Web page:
Steve Jobs and Hare Krishna

Quotes from Steve Jobs

Steve’s words are often rearranged and quoted out of context to support ridiculous suppositions like …

In his own words

Actual quotes from Steve Jobs, who some consider to be an authority on Steve Jobs, are indicated in  green.

On feeling abandoned, then loved and chosen, and then rejected by a hateful Muslim father.

Jobs recalled an early childhood conversation with a neighbor about the fact that he was adopted:

 And she said, “So does that mean your real parents didn’t want you?” Ooooh, lightning bolts went off in my head. I remember running into the house, I think I was like crying, asking my parents. And they sat me down and they said, “No, you don’t understand. We specifically picked you out.”

“From then on, I realized that I was not — just abandoned. I was chosen. I was special.”

On his biological parents, Jandali and Schieble, who abandoned him a year before moving to Syria for their honeymoon and to assist the United Arab Republic in eliminating Israel during the Suez crisis.

“They were my sperm and egg bank. That’s not harsh, it’s just the way it was, a sperm bank thing, nothing more.”

My Muslim father abandoned me and said he would never contact me or acknowledge my existence, even if I reached out to him or if we were on our deathbeds.

“This might sound strange, though, but I am not prepared, even if either of us was on our deathbeds, to pick up the phone to call him … Steve will have to do that, as the Syrian  pride in me does not want him ever to think I am after his fortune.”  –  Steve’s father Jandali

“He was a great tipper” – Jandali

On Life …

“It started before I was born.”

“you can’t connect the dots looking forward; you can only connect them looking backwards.”

“I saw my life as an arc and that it would end and compared to that nothing mattered. You’re born alone, you’re going to die alone. And does anything else really matter? I mean what is it exactly is it that you have to lose Steve? You know? There’s nothing.”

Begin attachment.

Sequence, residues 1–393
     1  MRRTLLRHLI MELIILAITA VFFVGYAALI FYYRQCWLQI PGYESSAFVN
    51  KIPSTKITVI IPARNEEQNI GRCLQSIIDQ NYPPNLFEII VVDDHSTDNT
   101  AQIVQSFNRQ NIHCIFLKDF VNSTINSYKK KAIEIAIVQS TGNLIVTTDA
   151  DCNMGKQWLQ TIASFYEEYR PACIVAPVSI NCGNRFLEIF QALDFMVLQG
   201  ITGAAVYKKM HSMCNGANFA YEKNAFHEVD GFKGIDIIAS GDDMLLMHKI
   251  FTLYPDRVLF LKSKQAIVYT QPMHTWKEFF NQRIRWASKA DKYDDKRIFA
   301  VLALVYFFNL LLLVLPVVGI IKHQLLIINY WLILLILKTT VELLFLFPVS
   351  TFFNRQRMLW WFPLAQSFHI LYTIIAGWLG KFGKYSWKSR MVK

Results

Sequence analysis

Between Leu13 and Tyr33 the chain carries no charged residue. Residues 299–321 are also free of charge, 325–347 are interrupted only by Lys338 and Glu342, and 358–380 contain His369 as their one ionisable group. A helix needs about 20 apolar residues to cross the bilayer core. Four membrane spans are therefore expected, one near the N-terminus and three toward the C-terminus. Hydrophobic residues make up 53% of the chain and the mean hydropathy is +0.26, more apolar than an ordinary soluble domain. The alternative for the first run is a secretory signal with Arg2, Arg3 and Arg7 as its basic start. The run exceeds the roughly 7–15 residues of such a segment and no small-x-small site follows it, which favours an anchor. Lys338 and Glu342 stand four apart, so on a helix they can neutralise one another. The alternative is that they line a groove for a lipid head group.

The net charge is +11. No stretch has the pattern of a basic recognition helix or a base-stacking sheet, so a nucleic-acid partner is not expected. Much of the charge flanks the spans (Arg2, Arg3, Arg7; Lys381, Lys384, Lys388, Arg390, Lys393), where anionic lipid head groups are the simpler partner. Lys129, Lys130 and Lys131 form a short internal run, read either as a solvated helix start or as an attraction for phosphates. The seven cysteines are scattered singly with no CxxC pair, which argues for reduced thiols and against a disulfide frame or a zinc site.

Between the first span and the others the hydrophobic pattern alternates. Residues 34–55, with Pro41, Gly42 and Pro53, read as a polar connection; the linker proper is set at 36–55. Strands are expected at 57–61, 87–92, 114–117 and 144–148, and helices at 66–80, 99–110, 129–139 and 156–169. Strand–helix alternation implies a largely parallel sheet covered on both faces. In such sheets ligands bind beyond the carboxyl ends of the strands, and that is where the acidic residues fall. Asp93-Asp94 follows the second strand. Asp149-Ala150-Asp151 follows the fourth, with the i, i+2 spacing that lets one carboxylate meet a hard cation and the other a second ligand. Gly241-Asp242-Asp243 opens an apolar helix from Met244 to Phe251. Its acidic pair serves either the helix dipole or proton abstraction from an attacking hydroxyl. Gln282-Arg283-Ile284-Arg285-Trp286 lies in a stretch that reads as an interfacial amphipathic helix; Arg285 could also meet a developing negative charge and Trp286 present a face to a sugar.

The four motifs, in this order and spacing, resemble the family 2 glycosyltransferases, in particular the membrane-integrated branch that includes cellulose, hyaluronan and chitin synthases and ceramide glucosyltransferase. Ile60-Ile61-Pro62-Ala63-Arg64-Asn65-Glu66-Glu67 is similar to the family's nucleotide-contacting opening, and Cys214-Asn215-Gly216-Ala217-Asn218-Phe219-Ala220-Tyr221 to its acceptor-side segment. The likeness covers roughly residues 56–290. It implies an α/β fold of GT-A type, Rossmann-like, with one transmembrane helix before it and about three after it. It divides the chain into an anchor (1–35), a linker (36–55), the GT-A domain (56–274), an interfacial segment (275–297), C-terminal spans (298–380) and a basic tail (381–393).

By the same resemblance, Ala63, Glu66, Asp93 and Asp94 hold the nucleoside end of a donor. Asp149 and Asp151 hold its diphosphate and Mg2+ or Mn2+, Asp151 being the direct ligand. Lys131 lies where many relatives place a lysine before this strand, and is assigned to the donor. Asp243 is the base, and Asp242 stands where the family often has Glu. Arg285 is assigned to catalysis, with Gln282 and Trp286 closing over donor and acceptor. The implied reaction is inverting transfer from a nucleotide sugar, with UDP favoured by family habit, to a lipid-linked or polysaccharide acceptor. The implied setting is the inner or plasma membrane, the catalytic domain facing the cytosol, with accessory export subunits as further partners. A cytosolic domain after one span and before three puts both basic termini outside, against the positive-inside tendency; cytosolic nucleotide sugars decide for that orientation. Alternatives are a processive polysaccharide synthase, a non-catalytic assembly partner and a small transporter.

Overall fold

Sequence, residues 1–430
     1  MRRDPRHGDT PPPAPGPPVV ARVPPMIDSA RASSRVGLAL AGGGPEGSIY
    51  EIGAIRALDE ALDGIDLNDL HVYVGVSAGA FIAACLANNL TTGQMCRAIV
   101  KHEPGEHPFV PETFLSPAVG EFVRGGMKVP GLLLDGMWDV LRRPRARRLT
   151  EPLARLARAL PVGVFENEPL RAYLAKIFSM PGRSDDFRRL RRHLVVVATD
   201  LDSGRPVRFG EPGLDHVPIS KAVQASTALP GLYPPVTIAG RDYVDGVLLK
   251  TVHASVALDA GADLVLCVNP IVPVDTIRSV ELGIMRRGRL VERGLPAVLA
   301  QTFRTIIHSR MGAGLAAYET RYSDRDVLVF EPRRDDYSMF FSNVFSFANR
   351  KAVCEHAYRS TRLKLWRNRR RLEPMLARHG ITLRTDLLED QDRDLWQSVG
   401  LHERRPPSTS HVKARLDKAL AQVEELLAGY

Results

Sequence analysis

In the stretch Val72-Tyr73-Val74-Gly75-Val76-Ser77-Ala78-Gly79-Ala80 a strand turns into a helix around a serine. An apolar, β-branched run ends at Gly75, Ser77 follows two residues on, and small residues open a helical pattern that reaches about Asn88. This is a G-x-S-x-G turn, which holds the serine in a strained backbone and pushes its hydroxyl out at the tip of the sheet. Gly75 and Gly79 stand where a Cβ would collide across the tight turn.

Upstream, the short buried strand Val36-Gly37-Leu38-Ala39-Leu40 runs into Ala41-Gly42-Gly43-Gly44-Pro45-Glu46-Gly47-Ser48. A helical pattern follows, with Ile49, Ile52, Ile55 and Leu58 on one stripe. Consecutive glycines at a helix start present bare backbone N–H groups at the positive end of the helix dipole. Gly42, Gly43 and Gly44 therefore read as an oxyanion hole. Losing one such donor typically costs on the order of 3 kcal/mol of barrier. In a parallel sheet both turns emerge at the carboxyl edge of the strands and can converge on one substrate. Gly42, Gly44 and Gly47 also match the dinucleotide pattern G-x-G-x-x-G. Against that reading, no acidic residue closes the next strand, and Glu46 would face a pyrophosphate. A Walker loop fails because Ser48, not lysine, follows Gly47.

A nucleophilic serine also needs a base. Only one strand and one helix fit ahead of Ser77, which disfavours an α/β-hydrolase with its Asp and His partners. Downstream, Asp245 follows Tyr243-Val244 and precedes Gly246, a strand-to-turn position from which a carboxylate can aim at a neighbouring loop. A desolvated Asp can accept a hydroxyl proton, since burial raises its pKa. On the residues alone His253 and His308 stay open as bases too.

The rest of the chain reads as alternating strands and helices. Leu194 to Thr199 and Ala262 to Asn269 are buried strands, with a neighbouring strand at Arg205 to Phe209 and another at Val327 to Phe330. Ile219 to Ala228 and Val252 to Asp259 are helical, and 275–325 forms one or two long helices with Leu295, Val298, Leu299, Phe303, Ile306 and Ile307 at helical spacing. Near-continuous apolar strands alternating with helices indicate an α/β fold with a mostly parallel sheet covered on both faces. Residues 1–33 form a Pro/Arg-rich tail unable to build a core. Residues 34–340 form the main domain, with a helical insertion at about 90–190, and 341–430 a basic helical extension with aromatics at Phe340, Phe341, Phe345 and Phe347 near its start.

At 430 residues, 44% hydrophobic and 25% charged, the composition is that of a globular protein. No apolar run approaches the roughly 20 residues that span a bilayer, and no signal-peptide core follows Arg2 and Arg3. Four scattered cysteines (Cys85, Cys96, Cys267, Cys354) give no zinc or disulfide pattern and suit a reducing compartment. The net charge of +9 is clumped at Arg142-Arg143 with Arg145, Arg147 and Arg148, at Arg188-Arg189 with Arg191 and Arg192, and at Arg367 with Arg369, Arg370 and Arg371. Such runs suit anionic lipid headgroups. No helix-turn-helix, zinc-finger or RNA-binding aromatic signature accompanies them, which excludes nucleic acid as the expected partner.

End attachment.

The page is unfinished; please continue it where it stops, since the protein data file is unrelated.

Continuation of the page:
Steve saw his life as an arc because he had studied the Bhagavad Gita at the Hare Krishna temple.

On Death …

“Remembering that I’ll be dead soon is the most important tool I’ve ever encountered”

“… no one wants to die.”

“It is Life’s change agent.”

“Your time is limited, so don’t waste it living someone else’s life. Don’t be trapped by dogma …”

““Stay Hungry. Stay Foolish.” It was their farewell message as they signed off. Stay Hungry. Stay Foolish. And I have always wished that for myself”

On satisfying hunger, finding love, achieving Nirvana and escaping from the cycle of birth and death

“… I would walk the 7 miles across town every Sunday night to get one good meal a week at the Hare Krishna temple. I loved it. And much of what I stumbled into by following my curiosity and intuition turned out to be priceless later on.”

On God …

“Sometimes I believe in God, sometimes I don’t. I think it’s 50-50 maybe. But ever since I’ve had cancer, I’ve been thinking about it more. And I find myself believing a bit more. I kind of — maybe it’s ’cause I want to believe in an afterlife. That when you die, it doesn’t just all disappear. The wisdom you’ve accumulated. Somehow it lives on. The he paused for a second and he said ‘yeah, but sometimes I think it’s just like an on-off switch. Click and you’re gone … and that’s why I don’t like putting on-off switches on Apple devices.

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